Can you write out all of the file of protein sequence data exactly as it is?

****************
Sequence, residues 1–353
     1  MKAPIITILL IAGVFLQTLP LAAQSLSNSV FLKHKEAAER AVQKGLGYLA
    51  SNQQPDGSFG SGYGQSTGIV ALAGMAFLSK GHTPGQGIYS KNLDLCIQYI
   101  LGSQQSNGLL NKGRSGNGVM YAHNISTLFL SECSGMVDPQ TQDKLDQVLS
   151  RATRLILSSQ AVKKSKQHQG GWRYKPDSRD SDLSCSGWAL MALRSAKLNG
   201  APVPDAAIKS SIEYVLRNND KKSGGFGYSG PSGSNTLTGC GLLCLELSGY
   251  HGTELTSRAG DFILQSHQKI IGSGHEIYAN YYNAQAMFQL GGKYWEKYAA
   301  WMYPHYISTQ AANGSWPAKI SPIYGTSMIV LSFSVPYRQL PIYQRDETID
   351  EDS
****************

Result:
Sequence, residues 1–353
     1  MKAPIITILL IAGVFLQTLP LAAQSLSNSV FLKHKEAAER AVQKGLGYLA
    51  SNQQPDGSFG SGYGQSTGIV ALAGMAFLSK GHTPGQGIYS KNLDLCIQYI
   101  LGSQQSNGLL NKGRSGNGVM YAHNISTLFL SECSGMVDPQ TQDKLDQVLS
   151  RATRLILSSQ AVKKSKQHQG GWRYKPDSRD SDLSCSGWAL MALRSAKLNG
   201  APVPDAAIKS SIEYVLRNND KKSGGFGYSG PSGSNTLTGC GLLCLELSGY
   251  HGTELTSRAG DFILQSHQKI IGSGHEIYAN YYNAQAMFQL GGKYWEKYAA
   301  WMYPHYISTQ AANGSWPAKI SPIYGTSMIV LSFSVPYRQL PIYQRDETID
   351  EDS